This book builds the trilogy to a big finish, in which Sean is required to solve a cold case murder to stop an IRA assassination, with the most horrifying moment in it a quiet conversation at the end that makes you realize how bittersweet the title really is. Well worth reading.(less)
On April 5, 1976, a white man attacked a black man with an American flag on a pole. By great good luck -- or bad, depending on your point of view -- B...moreOn April 5, 1976, a white man attacked a black man with an American flag on a pole. By great good luck -- or bad, depending on your point of view -- Boston's Herald American photographer, Stanley Forman, was standing in the right place at the right time -- or wrong, see above -- with his finger on the shutter of his camera. The resulting photograph was reprinted around the world and won the Pulitzer Prize, and pretty much stopped busing in Boston dead in its tracks.
This book tells the story behind the photograph. Who was the white man with the flag? Who was the black man being attacked? Who were all those white students and why were they so mad? Who was the photographer, and how did he get that shot, and how did he almost lose it, and why is the caption so important? Why was Boston, previously known as "the cradle of liberty," suddenly such a hotspot for racial inequality and the civil rights movement? And why was this photograph, out of so many documenting white-on-black abuse at that time, why did this one imprint itself so strongly on the nation's psyche? Masur writes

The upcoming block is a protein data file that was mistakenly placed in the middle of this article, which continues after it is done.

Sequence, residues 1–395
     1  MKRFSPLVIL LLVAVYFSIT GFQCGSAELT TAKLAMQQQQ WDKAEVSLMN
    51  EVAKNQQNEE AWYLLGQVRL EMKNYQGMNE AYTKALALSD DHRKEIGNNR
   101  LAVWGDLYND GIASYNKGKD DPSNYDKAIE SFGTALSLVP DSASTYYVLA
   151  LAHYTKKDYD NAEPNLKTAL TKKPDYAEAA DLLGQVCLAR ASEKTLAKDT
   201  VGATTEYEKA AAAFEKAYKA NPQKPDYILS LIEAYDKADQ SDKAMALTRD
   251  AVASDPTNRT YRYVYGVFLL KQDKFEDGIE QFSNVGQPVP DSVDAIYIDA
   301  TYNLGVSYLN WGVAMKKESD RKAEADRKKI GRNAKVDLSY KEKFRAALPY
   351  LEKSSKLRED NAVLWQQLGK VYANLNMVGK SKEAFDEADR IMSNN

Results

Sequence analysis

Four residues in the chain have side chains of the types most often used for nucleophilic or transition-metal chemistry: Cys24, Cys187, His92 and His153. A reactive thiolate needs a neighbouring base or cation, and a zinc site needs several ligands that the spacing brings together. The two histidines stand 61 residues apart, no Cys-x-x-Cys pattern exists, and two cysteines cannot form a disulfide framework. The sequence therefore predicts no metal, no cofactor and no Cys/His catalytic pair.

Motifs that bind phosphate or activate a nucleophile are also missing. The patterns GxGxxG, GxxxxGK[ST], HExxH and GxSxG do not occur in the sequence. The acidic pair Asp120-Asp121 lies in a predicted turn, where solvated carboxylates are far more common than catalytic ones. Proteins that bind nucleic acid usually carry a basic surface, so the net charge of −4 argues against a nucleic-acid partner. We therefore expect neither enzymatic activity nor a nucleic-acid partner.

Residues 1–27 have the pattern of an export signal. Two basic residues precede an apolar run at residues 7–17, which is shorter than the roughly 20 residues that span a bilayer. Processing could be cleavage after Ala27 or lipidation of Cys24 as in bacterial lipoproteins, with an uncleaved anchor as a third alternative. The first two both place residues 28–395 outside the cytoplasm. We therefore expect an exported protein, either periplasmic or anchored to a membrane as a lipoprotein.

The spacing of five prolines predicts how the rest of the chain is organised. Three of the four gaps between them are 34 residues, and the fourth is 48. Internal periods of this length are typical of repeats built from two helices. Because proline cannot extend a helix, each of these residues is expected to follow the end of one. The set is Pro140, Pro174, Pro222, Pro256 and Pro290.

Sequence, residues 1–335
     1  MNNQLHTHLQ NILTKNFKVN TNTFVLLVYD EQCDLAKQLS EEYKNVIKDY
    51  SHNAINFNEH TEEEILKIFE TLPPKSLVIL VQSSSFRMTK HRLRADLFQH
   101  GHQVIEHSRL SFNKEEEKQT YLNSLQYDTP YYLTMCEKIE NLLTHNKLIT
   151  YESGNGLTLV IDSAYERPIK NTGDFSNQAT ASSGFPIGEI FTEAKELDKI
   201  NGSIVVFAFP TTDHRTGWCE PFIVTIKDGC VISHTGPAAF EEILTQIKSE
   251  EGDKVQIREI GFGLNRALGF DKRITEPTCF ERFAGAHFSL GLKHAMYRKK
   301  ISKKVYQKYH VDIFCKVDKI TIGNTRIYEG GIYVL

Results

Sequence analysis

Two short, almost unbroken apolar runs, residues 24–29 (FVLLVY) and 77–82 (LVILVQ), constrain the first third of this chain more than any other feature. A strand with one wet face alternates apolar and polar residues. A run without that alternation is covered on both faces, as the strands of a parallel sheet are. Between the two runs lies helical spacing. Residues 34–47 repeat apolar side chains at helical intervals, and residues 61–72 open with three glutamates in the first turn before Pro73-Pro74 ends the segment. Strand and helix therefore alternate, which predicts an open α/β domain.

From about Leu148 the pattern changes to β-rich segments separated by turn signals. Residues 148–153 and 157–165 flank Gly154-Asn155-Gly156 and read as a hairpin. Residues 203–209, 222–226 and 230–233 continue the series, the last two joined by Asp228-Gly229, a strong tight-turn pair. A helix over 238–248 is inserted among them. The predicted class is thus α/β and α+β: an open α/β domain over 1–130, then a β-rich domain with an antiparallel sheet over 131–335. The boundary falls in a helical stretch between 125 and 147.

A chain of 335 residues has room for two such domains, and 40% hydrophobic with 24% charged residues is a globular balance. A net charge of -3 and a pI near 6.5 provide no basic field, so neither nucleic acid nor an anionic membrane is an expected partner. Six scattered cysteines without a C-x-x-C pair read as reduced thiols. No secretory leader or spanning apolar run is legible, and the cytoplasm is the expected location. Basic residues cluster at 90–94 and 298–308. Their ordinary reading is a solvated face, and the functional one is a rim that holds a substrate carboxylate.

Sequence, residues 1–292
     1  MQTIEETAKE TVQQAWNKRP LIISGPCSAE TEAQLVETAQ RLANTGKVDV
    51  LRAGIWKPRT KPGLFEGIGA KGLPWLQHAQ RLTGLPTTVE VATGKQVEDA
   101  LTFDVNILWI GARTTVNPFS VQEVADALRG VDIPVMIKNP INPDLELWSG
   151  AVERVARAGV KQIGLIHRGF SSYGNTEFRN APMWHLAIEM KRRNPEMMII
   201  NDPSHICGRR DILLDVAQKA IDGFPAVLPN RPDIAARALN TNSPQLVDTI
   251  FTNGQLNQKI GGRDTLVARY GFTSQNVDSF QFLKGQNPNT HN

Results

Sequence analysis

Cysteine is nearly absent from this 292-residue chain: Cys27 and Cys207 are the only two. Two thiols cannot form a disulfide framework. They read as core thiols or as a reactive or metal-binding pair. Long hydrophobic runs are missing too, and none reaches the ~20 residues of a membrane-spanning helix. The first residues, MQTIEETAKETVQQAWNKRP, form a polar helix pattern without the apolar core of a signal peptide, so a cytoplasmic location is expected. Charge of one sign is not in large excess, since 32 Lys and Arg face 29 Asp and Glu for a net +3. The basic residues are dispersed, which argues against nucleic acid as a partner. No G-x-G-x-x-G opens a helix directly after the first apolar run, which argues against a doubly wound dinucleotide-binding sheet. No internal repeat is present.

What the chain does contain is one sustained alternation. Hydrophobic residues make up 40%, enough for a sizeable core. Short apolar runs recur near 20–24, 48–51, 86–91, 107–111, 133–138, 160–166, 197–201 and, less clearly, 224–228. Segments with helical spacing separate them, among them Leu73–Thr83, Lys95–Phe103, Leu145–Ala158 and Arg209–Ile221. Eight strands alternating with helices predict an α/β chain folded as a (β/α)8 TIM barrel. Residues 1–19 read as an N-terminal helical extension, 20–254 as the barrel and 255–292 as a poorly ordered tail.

Many of the most notorious images of racial violence involve police brutality--the authorities using excessive force against African Americans....In contrast, Forman's shot captures one citizen attacking another. And it was not just any violent assault, but one that employed the American flag as a weapon--in the year of the nation's Bicentennial, no less."
This is a fascinating study of a single image that reverberates back to other images, including Joe Rosenthal's "Flag Raising on Mt. Suribachi." "It seemed," writes Masur
...as if one could write a history of the nation's decline in the thirty one years between [Rosenthal's photograph and Forman's]. Not merely the busing crisis but a general sense of malaise afflicted the country in the mid-1970s. Whatever economic and social progress had been made in the 1950s and '60s seemed stalled. Americans suffered through Vietnam and they suffered through Watergate, two crises that raised fundamental questions about patriotism and the vitality of the nation. People felt lost, and into that sense of dislocation entered Forman's shocking photograph that seemed to confirm the worst nightmares over the fate of the country.
Masur also points out the positively eerie similarities between Forman's photograph and and Paul Revere's engraving of the Boston Massacre. Where, it must be remembered, one of the victims was a black man named Crispus Attucks.
You'll learn a little about how to "read" photographs, too. Highly recommended.(less)
Excellent overview of a people, place and time, even if I do suspect that Lewis is a wee bit undiscriminating in her love of her subject. It begins wi...moreExcellent overview of a people, place and time, even if I do suspect that Lewis is a wee bit undiscriminating in her love of her subject. It begins with a brief history
In 1390, however, Sultan Bayezid began his conquests in Asia Minor. His Muslim troops were unwilling to fight their co-religionists, whom, anyway, they could not loot with a clear conscience...
Eight concise chapters (the book is only 197 pages long) follow which concern themselves with government
A request for the investigation of the surreptitious fixing of pipes and taps to divert public water for private consumption was sent to the Superintendent of Waterways and the Cadi of Istanbul; a command to warn off the poachers who had been stealing the exclusively royal fish from the waters near Bursa was sent to the Cadi of that town, and to the Cadi of Istanbul a complaint about the requisitioning for postal couriers of the horses and mules belonging to guests of a kahn, thereby scaring off customers with consequent loss of revenue, concluding 'This must stop!'...